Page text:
While this bill will help all students, women in particular stand to gain. As we know all too well — and as the Census Bureau recently reminded us — women earn significantly less on average over the course of their lives than their male counterparts. AAUW’s Behind the Pay Gap report found that college-educated women earn 5 percent less than men one year out of college and 12 percent less than men 10 years out of college, even when they have the same major and occupation as their male counterparts and when controlling for factors known to affect earnings such as education and training, parenthood, and hours worked. These findings suggest that sex discrimination not only continues to be a problem in the workplace, but that it affects the incomes of even the most educated women starting immediately out of college. This immediate and pernicious wage disparity makes it that much harder for women to repay their student loans. Women also stand to gain from an amendment to the bill that focuses on the need to have more women and underrepresented minorities enter science, technology, engineering, and math (STEM) careers.
RDemocrat at Hillbilly Report sees hypocrisy on the part of Kentucky Republicans who voted against the bill:
I think this once again properly demonstrates the hypocrisy of Kentucky Republicans and the Republican Party as a whole. They constantly lecture us on spending, but they care little about money being wasted as long as it is being wasted on corporate welfare. When presented with a chance to both save money, and help working poor children afford college, they would rather waste that $80 billion.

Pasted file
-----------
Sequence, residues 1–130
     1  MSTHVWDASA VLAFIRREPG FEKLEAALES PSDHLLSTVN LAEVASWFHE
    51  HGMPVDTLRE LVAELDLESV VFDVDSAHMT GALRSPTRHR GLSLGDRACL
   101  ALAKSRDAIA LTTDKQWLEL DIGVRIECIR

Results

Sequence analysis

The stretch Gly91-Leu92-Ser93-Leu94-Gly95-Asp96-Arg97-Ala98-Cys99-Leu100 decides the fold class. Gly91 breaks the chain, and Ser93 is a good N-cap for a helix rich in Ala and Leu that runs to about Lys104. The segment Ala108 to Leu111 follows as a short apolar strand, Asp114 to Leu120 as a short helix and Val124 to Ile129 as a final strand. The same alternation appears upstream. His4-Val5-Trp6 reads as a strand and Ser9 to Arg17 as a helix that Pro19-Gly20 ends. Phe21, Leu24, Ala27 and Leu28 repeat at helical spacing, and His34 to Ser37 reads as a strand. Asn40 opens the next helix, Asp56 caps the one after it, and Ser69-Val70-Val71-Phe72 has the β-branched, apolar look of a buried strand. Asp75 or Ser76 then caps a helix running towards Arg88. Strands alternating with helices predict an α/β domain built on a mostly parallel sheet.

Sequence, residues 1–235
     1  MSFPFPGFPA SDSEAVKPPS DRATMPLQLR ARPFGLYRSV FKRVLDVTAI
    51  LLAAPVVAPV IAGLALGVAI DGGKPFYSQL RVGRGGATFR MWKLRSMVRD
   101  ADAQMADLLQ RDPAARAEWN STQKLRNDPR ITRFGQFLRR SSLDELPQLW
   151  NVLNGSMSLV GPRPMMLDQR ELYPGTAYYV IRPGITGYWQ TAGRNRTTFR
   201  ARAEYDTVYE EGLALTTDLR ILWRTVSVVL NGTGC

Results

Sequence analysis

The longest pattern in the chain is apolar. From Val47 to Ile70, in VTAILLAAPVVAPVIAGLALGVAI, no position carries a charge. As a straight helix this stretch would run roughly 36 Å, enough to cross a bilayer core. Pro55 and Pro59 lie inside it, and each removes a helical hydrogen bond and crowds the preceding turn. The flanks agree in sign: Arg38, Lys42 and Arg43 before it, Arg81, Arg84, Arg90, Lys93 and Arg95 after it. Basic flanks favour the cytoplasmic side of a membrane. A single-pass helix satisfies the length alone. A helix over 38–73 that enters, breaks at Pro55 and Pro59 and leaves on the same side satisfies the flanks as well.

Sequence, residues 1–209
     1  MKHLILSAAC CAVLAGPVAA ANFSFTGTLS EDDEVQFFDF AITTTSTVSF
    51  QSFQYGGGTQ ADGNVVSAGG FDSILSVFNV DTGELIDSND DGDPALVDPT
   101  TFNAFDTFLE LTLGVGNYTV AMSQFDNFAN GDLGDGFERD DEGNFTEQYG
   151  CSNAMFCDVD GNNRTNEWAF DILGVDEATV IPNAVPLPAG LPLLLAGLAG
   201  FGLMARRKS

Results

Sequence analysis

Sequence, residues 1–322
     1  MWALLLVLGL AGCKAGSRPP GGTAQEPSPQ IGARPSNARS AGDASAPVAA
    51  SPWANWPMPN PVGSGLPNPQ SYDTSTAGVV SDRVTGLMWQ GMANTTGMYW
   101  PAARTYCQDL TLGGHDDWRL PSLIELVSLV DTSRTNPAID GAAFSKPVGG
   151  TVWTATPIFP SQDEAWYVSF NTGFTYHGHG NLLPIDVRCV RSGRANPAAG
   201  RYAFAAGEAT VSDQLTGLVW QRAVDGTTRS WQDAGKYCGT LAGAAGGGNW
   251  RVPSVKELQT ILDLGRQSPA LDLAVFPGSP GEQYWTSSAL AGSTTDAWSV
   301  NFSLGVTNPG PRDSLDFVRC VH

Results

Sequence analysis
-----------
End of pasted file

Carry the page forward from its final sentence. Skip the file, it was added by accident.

Personally, I'd be interested in seeing a survey of how House Reps and Senators paid to send their children to college, and where those students matriculated. How many of them required student aid? How many of them sent their children to schools in their own state? How many of their kids went to private school? How many of their loans originated with private lenders, and how many used the government's existing direct loan programs? Such data might reveal some interesting patterns of decision-making, letting us know not only how these bills will affect representatives' constituents, but also how their own experiences influenced their votes.
Regardless, it was time to revisit the federal student aid program because, as reported by the Economic Populist, student indebtedness increased 25% over the last year, which contributes to the (to me) startling statistic that one-third of workers younger than age 35 live with their parents. Institutions of higher education, state governments, and the federal government need to find ways to make education more affordable to all students so that their indebtedness doesn't affect their life decisions more than 10 years after graduation. (Me, I'm on a 20-year repayment plan, which means my husband, son, and I don't have to move into my parents' garage.)
Underlying all of the political rhetoric on both sides is a question that has gone unasked, at least explicitly: Do all these students need to go to college? The objectives of a college education vary from institution to institution and from student to student, so this question can't be answered easily, nor should it be addressed lightly. Those of you who have read my posts, and know that I work at a highly diverse public institution of higher education, probably can divine my answer to this question. But I'd love to hear your thoughts: Who should be going into debt to get an education, under what circumstances, and why? What are your own experiences, either as students or as parents?
Leslie Madsen-Brooks develops learning experiences for K-12, university, and museum clients. She blogs at The Clutter Museum, Museum Blogging, and is the founder of Eager Mondays, a consultancy providing unconventional professional development.